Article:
As many of our readers are surely aware, the United States House of Representatives in the last week in July voted to approve Speaker John Boehner’s lawsuit against President Obama for allegedly exercising powers not granted to the highest office in the land. While we write about political matters from time to time, it is not the goal of this blog to decide whether or not the lawsuit has merit (but it is worth pointing out that President Obama has issued fewer executive orders than any president since Grover Cleveland in 1897). Rather, this seems like an apt time to point out the hypocrisy of many congressional leaders when it comes to filing suit in our country’s civil justice system.
As a story in Politico from spring 2011 begins, “For much of his political career, House Speaker John Boehner has railed against judicial over-reach and the harmful effects of excessive litigating. But while the congressman from Ohio […] ha[s] a long history of bashing trial lawyers, the speaker himself has shown that he can be quite the litigator.” The author of this story Richard E. Cohen, goes on to explain that despite his pledge to “rein in junk lawsuits” and his “hostility to us[e] the courts to achieve other policy goals,” Boehner has had no problem filing suit when it may prove beneficial for him–for both political and monetary reasons.
For example, Speaker Boehner “signed on and hired outside lawyers to back the controversial Defense of Marriage Act.” Though he doggedly resisted allowing gay and lesbian couples the right to marry several years ago, he “has [since] sought to downplay the gay rights debate” and instead establishes “his broader role as the paramount legislative leader.” He also wrote an amicus brief in protest of the Affordable Care Act that Cohen notes is “notable for its sweeping political rhetoric and assertion of his congressional influence.” Moreover, as Speaker of the House, Boehner is now in control of that chamber’s general counsel office, which “typically handles dozens of obscure legal cases involving Congress.”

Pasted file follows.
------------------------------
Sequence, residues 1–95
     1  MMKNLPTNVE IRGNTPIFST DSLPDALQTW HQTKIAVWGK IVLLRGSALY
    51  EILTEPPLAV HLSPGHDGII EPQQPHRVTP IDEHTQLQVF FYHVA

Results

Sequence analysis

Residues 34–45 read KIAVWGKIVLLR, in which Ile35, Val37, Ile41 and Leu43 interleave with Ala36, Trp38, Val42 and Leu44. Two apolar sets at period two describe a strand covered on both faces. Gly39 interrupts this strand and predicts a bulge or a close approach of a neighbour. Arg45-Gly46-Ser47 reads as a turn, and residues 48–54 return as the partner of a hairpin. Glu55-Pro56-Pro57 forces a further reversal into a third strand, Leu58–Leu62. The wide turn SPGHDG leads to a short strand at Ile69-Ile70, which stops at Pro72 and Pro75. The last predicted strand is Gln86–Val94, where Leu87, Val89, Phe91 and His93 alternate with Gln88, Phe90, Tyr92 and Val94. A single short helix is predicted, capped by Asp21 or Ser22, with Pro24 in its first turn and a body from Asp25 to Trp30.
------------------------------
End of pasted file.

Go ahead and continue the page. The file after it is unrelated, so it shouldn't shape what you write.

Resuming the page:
As a private citizen, Boehner was a part of a suit that grew out of an ethics controversy involving former Speaker Newt Gingrich and Representative Jim McDermott (and a taped phone conversation involving all three), eventually winning an award of $1.2 million.
This willingness to file suit both as a legislator and as an individual is seemingly at odds with Boehner’s pro-business, anti-civil justice system stances in the past. Especially notable is his support for pharmaceutical and medical device manufacturers in his version of a health care bill in 2009. Joanne Doroshow notes that while the main text of the bill would have protected unsafe hospitals, abusive nursing homes, and insurance companies–hardly a stretch for American lawmakers–it would also have specifically provided immunity for makers of “drug[s], device[s], or biological product[s] intended for humans.”
The case of John Boehner is emblematic of the broader relationship between American legislators and the courts: they will use the civil justice system to their advantage when it is beneficial for them, but denounce the courts as useless and wasteful when their political opponents try to do the same.